Antenatal screening for HIV, hepatitis B, syphilis and rubella susceptibility in the EU/EEA
The results of this survey among national public health experts indicate that limited access to antenatal care services, combined with low testing uptake among pregnant women in certain subpopulations, often leads to low screening coverage for HIV, hepatitis B, syphilis and rubella susceptibility, especially in vulnerable groups.
Annually, more than 5 million live births are recorded in the EU. Antenatal screening for HIV, hepatitis B, syphilis and rubella susceptibility is widely implemented in the EU/EEA, most commonly with opt-out testing policies followed by universal screening during pregnancy. But despite availability of effective preventive interventions, transmission of infections with HIV, hepatitis B, syphilis or rubella from mother to child before and during birth as well as in infancy still occur across Europe.In the vast majority of EU/EEA countries (96%), the provision of antenatal care to pregnant women is based on national guidance, screening recommendations or a prevention strategy. In 2011, the global community defined the elimination of mother-to-child transmission (MTCT) of HIV and syphilis as a public health priority. Responses from 26 EU/EEA countries that answered to an ECDC survey in 2013 showed that they had either reached, or were very close to reaching, the targets for the elimination of MTCT of HIV and syphilis. However, mother-to-child transmission is still reported in several European countries. In addition, few countries collect the data needed to document performance of antenatal screening programmes.
The survey results, published in a new ECDC report, indicate that reasons for on-going MTCT of these infections in Europe could be that effective antenatal screening strategies are compromised by incomplete screening coverage, poor access to antenatal care, or inadequate HIV, syphilis and hepatitis testing among women among groups at high risk. These groups include migrants from high prevalence countries, women exercising high risk behaviours (e.g. women who inject drugs), women who are tested late in the course of their pregnancy or those without access to antenatal care.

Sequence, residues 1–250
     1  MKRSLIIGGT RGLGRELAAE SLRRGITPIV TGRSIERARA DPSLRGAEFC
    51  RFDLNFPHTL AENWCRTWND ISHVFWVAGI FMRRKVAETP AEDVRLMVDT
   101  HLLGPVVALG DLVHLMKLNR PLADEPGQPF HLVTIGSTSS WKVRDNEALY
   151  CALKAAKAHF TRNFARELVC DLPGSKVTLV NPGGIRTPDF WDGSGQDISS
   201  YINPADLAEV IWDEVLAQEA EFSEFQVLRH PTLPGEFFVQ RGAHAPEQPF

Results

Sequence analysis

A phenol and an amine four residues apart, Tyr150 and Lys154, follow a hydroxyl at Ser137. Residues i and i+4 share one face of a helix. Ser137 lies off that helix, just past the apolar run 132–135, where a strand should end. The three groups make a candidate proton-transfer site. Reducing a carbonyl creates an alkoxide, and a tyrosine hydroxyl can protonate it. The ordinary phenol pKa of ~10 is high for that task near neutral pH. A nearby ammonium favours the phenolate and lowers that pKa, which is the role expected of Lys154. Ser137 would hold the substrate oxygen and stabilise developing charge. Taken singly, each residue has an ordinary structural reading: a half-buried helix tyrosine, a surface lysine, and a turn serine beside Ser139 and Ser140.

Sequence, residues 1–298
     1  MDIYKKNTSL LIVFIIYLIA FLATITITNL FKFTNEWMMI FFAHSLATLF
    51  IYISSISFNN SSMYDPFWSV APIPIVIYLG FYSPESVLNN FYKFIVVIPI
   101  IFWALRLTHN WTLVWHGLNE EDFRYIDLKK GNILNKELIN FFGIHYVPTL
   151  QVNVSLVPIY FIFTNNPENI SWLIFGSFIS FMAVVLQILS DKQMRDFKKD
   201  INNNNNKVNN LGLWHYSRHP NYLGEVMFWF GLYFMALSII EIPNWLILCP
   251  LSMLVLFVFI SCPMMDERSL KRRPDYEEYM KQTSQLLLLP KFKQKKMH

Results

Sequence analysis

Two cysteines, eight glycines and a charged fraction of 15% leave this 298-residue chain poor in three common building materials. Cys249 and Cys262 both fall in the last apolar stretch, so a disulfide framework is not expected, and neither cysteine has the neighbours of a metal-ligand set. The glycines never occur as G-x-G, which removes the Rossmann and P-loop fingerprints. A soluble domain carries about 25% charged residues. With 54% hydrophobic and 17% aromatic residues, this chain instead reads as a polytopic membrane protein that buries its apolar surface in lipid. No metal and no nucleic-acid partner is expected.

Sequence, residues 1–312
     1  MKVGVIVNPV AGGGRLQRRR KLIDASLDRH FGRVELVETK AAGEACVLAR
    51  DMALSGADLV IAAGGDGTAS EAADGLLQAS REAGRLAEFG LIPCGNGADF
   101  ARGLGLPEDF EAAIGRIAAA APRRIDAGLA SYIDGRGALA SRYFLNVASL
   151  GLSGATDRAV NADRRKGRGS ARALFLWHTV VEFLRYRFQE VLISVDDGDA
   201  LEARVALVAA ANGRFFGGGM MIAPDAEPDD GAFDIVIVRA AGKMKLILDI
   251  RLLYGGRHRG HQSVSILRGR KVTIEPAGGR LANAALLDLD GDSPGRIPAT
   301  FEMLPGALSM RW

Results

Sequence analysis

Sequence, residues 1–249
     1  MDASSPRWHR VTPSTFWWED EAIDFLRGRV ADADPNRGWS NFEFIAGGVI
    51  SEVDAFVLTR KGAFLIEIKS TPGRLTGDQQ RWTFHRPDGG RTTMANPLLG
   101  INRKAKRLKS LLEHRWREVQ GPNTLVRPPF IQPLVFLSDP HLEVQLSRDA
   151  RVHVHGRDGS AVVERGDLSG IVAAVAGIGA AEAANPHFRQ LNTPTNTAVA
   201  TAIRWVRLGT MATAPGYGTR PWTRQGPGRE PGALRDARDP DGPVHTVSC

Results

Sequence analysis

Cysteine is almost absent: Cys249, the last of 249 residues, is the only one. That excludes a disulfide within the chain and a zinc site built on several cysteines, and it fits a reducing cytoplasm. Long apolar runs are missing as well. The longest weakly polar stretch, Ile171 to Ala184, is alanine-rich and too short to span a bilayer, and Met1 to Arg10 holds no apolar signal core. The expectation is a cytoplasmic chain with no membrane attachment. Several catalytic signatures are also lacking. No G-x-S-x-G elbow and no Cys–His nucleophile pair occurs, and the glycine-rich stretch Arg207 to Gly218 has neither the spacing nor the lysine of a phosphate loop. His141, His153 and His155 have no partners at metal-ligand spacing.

In reaction to these findings, ECDC is currently developing evidence-based guidance to help Member States strengthen antenatal screening among vulnerable groups. The guidance will look at which elements of a national antenatal screening programme for infections influence effectiveness, and which are the specific approaches to be used for reaching the vulnerable groups in order to increase the uptake of prenatal care and reduce/prevent MTCT.
Why test for infections during pregnancy
Mother-to-child transmission is the most predominant mode of HIV infection in children worldwide. Without intervention, the risk of HIV transmission from an infected mother to her child ranges from 15% to 30% during pregnancy/delivery to between 10% and 20% during breastfeeding. This risk can be reduced to 1 to 2% with a combination of appropriate antenatal interventions including anti-retroviral therapy (ART) for the mother, anti-retroviral prophylaxis for the newborn, and avoidance of breastfeeding.
Transmission of hepatitis B from mother to child is preventable in 95% of all cases through the administration of vaccine and immunoglobulin to the baby at birth. With no immunoprophylaxis, more than 90% of infants infected by their positive mothers will go on to develop chronic infection.
There is no treatment for rubella but MTCT can be prevented by ensuring that all women who plan to get pregnant are immune or have been immunised against rubella.
HIV Continuum of care: Monitoring implementation of the Dublin Declaration on partnership to fight HIV/AIDS in Europe and Central Asia (2020 progress report)
16 Aug 2021 - In 2020, using data from countries able to provide at least two consecutive stages of the continuum, the overall performance of the European and Central Asian region against the global 90-90-90 targets is 82% of all PLHIV with HIV diagnosed, 67% of those diagnosed with HIV on treatment and 90% of those on treatment virally suppressed. More progress is needed to meet the substantive target of 73% of all PLHIV being virally suppressed, with performance for the overall region at 50% (based on the countries that submitted data for all four stages of the continuum).
The sustainable development goals and hepatitis B and C in the EU/EEA
29 Mar 2021 - In order to monitor progress towards the United Nations Sustainable Development Goals 2030 target to combat viral hepatitis, this report provides data on hepatitis B and C prevention, incidence, diagnosis, treatment, cure/viral suppression, and mortality in European Union/European Economic Area (EU/EEA) countries with data collected in 2019.
Hepatitis B and C testing in the EU/EEA: progress in reaching the elimination targets
26 Mar 2021 - This brief will present a snapshot of hepatitis B and C testing in the European Union/European Economic Area (EU/EEA), discussing progress made towards the European action plan 2020 testing target, focussing on key populations and settings for testing, barriers to testing, and testing policies.